Hormonal injections are also given by healthcare professionals and not something you can give yourself at home! This is where a dose of hormones is injected in to the body and lasts for several weeks (eight to 13, depending on the type of injection). If you want to keep using them as contraception, you need to be able to keep going back for appointments to have another one after this. They aren’t reversible, but do wear off if you stop having the injections.
Last but not least, there are two types of hormonal contraception that you don’t need to remember every day and you can give yourself at home – although you would still need to talk to a doctor or nurse to get them in the first place.
The first is a vaginal ring – a flexible ring that is inserted in to the vagina. The muscles that make up the walls of the vagina then hold this ring in place. It is usually kept in for three weeks then removed for several days, before being re-inserted. A user can put it in and take it out themselves, much like they would a tampon!
Another hormonal device that someone can set-up themselves in the contraceptive patch. This is a big plaster-like device, that releases hormones through your skin. It is removed and replaced every week – for as long as you need contraception for.
So – there are lots of different ways of getting hormones in to the body! These can be really popular because they tend to be very effective, especially if they are released by a means where you don’t have to remember every day.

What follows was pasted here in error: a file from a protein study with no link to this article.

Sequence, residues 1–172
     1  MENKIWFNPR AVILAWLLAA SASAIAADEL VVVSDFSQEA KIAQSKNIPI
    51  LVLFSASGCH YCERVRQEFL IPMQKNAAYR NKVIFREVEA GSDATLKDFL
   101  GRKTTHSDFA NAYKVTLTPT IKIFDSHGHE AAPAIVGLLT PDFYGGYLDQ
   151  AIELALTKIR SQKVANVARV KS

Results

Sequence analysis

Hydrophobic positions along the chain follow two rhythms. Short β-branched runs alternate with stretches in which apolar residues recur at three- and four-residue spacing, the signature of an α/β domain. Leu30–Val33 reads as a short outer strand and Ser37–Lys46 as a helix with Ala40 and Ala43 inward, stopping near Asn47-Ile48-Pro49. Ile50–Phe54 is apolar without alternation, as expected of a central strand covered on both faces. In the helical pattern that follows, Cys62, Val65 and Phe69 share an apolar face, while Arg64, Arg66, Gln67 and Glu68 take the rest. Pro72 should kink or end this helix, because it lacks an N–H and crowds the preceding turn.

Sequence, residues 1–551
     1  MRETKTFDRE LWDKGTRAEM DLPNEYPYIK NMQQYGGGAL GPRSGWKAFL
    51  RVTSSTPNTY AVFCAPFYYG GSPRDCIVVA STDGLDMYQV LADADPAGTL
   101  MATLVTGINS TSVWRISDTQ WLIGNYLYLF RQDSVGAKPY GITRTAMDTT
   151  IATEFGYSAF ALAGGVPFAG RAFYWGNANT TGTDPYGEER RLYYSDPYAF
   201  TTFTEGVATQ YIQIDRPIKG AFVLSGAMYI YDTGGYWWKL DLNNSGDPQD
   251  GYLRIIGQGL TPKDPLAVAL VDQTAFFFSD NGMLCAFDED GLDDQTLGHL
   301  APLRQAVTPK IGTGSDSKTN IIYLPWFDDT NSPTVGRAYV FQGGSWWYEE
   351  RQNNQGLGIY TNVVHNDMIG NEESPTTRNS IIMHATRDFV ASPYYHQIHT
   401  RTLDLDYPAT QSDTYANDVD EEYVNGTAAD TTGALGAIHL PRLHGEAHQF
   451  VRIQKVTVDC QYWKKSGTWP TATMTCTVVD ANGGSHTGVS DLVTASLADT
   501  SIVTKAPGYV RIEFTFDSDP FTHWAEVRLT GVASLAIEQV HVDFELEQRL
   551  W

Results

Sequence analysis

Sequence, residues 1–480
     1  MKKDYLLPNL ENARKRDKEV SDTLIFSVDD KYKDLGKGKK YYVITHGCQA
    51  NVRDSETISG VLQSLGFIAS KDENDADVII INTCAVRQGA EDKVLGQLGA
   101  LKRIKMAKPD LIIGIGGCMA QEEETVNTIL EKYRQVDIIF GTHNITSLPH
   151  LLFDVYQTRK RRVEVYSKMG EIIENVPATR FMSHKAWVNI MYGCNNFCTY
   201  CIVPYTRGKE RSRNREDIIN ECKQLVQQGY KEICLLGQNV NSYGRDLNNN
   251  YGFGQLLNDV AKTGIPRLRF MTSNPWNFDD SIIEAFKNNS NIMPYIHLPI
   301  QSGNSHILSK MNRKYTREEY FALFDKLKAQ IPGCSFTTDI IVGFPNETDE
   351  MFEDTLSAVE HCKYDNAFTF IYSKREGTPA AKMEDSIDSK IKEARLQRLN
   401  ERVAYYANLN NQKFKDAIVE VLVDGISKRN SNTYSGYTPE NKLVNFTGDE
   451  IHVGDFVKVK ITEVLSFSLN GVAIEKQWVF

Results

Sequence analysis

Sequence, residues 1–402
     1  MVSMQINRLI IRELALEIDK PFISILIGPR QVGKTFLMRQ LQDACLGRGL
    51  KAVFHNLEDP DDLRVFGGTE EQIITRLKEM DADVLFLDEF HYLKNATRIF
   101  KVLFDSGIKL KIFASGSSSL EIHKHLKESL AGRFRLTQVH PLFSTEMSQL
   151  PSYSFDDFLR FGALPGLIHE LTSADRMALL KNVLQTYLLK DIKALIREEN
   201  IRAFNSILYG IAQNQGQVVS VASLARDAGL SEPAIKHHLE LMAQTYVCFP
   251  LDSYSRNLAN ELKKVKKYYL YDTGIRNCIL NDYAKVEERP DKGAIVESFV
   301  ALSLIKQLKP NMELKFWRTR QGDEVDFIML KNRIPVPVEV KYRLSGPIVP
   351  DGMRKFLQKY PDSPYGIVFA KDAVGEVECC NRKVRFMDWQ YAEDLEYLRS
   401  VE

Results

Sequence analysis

Hormonal contraception doesn’t create a barrier between a penis and a vagina during PIV sex, so it isn’t a kind of protection. This means that, although it can make it very unlikely that you will get pregnant from this type of sex, it doesn’t stop STIs (sexually transmitted infections) from being passed from person to person. For this reason, some people might choose to use something like condoms as well as hormonal contraception. Even though condoms are also contraception, they don’t work quite as well at preventing pregnancy as the methods we’ve described here.
One negative aspect of hormonal contraception is that it can have side effects – it can effect the body in unpleasant and unwanted ways. Lots of people seem to report that they have negative effects on mood, for example.
Not all of the side effects are bad – some can be welcome, for example they can cause good skin changes, or make periods less heavy.